How William Penn Played A Role In Pennsylvania’s First Witch Hunt

Sometimes referred to as the “Quaker State”, Pennsylvania has a storied history as one of America’s original colonies. One of the most famous people associated with this settlement is its founder, William Penn, who was also a Quaker. Penn and Quakers like him were known for their belief in ideals like pacifism, spiritual equality for both men and women, and later on for their involvement in abolitionist and women’s rights movements, per History. This group had extremely progressive views for the time but one thing that was still largely frowned upon was the practice of witchcraft.

In 1684, allegations of witchcraft were against brought a Swedish immigrant named Margaret Mattson, according to Penn Live. What sparked these accusations? Well, local farmer Henry Drystreet’s cows were being weird. They had ceased to produce milk and for a farmer that is a problem. Of course, the most logical explanation for his cow’s milk drying up had to be witchcraft. Mattson, along with another Swedish woman named Yeshro Hendrickson had been rumored to have bewitched the livestock of their English neighbors even before official charges were brought against them. Apparently, there was enough concern about this that Mattson was tried in a court of law. Luckily for her, the presiding judge was none other than William Penn.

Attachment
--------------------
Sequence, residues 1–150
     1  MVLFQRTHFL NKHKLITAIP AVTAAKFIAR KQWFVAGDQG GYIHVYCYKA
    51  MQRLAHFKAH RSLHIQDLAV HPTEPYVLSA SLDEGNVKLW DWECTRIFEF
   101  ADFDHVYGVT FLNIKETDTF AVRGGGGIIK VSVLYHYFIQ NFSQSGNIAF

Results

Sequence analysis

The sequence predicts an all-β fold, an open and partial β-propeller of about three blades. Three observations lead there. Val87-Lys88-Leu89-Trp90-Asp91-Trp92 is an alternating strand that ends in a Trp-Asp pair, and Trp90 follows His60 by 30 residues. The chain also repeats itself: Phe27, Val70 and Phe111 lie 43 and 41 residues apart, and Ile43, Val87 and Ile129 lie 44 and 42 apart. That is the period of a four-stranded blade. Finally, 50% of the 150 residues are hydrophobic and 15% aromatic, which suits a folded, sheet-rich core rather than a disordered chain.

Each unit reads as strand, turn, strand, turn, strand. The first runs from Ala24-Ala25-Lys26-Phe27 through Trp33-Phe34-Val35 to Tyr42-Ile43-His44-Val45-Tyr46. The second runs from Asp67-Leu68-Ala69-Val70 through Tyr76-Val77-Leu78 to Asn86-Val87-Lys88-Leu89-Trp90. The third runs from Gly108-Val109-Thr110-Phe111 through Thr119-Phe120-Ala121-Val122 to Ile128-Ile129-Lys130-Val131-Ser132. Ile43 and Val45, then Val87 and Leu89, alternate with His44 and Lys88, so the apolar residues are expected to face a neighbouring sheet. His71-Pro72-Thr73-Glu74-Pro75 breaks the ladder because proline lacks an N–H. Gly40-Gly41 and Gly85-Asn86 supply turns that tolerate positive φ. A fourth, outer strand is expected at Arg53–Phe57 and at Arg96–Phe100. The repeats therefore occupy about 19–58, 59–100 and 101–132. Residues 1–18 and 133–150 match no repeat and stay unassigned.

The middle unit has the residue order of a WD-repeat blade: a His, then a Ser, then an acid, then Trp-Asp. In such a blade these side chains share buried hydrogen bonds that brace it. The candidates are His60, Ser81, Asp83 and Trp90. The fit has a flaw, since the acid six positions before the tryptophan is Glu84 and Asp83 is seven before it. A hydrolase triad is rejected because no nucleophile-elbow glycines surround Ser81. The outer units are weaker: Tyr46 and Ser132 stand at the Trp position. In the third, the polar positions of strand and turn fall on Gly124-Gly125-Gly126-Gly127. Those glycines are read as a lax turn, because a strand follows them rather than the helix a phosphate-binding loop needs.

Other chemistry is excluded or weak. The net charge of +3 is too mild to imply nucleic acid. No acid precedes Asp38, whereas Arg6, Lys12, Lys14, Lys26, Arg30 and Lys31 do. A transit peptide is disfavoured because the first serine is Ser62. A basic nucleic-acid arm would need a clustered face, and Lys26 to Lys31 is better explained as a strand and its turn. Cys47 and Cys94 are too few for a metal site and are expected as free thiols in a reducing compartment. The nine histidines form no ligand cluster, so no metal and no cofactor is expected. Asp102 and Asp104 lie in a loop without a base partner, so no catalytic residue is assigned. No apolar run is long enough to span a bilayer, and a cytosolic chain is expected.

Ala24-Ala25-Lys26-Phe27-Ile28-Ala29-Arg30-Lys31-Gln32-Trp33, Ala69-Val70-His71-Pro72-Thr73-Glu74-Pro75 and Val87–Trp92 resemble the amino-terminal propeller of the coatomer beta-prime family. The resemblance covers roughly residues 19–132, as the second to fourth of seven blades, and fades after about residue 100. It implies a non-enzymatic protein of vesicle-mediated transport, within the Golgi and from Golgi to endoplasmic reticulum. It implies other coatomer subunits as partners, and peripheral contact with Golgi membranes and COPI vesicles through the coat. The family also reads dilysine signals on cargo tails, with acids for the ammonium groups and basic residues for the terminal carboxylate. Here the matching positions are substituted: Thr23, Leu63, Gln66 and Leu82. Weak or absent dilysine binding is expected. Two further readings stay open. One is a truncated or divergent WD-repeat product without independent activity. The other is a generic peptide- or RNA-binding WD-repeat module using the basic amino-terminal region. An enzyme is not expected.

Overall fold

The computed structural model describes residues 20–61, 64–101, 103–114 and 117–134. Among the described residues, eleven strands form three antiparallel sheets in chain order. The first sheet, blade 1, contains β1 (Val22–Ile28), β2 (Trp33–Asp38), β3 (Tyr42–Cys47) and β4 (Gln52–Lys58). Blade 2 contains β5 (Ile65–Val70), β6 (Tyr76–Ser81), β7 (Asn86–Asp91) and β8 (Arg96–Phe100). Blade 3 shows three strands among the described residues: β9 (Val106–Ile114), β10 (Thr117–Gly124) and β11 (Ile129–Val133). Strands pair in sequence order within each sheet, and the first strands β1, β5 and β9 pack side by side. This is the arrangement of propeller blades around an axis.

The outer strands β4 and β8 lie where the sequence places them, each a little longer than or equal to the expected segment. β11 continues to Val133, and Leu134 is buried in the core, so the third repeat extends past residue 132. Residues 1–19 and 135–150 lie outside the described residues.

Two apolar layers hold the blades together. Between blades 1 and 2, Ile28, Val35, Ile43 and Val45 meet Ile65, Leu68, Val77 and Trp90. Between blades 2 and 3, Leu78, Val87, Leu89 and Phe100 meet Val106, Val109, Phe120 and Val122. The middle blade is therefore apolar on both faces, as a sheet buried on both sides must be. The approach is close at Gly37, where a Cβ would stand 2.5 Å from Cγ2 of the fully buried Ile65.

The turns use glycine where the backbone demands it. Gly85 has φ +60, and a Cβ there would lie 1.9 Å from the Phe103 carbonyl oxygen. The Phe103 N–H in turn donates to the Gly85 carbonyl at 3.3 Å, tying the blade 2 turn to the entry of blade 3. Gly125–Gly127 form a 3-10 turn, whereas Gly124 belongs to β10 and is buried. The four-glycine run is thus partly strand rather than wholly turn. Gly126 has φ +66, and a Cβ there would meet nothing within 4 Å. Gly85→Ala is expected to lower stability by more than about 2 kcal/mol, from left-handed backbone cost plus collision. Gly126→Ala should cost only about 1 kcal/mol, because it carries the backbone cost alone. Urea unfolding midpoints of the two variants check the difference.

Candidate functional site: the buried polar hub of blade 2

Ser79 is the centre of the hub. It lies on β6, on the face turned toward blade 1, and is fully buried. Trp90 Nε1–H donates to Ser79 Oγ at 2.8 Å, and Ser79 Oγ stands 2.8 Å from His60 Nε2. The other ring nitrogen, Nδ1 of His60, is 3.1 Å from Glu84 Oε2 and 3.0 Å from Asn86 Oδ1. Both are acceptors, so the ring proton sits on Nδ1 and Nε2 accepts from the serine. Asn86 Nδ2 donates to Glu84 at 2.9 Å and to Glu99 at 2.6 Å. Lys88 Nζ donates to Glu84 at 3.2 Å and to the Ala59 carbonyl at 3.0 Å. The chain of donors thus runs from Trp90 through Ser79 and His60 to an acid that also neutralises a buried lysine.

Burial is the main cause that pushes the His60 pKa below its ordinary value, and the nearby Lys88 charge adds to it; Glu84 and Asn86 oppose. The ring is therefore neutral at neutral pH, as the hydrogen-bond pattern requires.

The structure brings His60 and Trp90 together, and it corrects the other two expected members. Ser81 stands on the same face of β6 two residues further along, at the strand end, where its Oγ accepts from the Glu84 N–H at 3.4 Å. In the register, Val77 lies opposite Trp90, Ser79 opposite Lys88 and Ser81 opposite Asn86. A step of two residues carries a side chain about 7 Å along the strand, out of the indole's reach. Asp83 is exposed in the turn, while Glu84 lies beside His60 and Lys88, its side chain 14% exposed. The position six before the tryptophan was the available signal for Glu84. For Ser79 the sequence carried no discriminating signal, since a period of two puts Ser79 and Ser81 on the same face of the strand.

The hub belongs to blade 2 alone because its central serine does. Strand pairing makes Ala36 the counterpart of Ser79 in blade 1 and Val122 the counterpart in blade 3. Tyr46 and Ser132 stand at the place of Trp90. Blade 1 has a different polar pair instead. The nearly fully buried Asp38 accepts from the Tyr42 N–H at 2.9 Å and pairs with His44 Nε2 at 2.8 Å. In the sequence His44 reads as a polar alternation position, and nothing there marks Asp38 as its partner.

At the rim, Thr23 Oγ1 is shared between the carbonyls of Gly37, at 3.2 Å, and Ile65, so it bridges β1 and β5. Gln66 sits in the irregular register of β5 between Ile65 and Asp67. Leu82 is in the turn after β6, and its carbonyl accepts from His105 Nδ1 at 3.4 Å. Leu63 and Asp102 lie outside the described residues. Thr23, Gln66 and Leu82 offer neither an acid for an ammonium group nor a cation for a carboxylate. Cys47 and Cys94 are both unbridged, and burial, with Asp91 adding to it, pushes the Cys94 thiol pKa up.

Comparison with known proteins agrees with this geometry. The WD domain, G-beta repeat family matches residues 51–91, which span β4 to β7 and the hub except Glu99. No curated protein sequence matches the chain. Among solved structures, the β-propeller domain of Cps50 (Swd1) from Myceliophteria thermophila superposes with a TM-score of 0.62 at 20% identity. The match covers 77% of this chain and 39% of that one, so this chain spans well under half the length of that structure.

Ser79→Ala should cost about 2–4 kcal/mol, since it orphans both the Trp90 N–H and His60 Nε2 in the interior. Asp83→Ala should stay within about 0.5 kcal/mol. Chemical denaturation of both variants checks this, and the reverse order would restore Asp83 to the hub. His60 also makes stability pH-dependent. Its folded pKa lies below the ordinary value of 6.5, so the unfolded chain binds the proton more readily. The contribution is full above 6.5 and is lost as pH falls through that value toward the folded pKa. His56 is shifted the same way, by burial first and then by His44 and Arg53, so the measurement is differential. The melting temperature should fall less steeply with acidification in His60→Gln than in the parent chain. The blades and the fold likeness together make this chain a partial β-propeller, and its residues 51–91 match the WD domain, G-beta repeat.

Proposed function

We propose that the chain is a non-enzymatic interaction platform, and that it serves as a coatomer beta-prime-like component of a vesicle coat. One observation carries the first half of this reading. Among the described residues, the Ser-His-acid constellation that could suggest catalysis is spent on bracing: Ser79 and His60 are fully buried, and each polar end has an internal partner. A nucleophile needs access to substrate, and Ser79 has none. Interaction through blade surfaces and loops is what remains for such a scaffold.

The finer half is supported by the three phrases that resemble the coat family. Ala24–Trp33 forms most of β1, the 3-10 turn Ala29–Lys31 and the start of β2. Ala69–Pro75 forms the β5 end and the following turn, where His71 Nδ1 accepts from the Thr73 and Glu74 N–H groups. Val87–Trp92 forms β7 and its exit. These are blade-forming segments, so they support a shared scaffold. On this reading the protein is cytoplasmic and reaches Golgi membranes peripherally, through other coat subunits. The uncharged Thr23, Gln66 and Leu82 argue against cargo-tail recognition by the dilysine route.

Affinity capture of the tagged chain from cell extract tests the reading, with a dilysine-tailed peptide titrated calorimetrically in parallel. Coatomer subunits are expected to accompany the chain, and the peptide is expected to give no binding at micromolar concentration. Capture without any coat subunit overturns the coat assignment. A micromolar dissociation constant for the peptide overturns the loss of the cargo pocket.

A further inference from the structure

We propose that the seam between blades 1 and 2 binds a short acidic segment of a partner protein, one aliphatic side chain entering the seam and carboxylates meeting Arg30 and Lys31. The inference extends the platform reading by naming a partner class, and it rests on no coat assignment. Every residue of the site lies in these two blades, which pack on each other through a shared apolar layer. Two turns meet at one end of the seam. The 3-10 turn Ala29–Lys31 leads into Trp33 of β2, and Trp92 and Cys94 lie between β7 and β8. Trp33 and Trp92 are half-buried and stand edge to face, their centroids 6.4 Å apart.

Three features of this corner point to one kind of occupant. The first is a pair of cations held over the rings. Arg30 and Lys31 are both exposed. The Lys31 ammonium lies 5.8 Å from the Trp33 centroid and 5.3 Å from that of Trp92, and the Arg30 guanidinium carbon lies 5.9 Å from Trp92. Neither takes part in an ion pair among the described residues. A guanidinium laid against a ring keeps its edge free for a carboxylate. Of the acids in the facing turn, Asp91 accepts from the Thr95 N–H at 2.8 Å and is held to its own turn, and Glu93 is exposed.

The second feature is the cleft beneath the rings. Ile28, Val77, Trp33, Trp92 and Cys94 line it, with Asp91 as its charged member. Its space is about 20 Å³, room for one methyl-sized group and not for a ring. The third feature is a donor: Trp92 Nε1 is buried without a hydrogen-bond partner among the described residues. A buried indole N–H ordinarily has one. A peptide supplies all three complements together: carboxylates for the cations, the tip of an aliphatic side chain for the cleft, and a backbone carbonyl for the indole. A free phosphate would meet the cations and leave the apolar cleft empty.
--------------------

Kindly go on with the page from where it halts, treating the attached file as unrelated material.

Not-so-common court practices

Unlike the infamous Salem witch trials that would take place eight years later, Penn refused to allow hysteria to take over and result in absolute chaos. He took calculated steps to ensure a fair trial for the accused, including providing Mattson with a translator and putting other Swedish immigrants on the jury, according to PA Heritage. Mattson, who of course claimed she was not a witch, was also allowed to testify in her own defense and this was a big deal at the time. While these are common practices in modern-day court proceedings, in the 1680s, this sort of attention to detail didn’t usually happen with your average trial. After testimony was taken from a total of three accusers and from Mattson herself, the decision was left up to Penn and the jury.

The court eventually came to the following conclusion: they acknowledge that though Mattson had a reputation of being a witch, she was not guilty of the crimes of which she was accused. She was then granted her freedom provisionally for six months and, if she behaved during that time, the £50 bond her husband put up would also be returned to them. William Penn turned out to be the real hero in this situation by letting his beliefs in fairness, equality, and tolerance guide his handling of the trial. It is possible that as a result, this was the only documented witch trial in the history of Pennsylvania.

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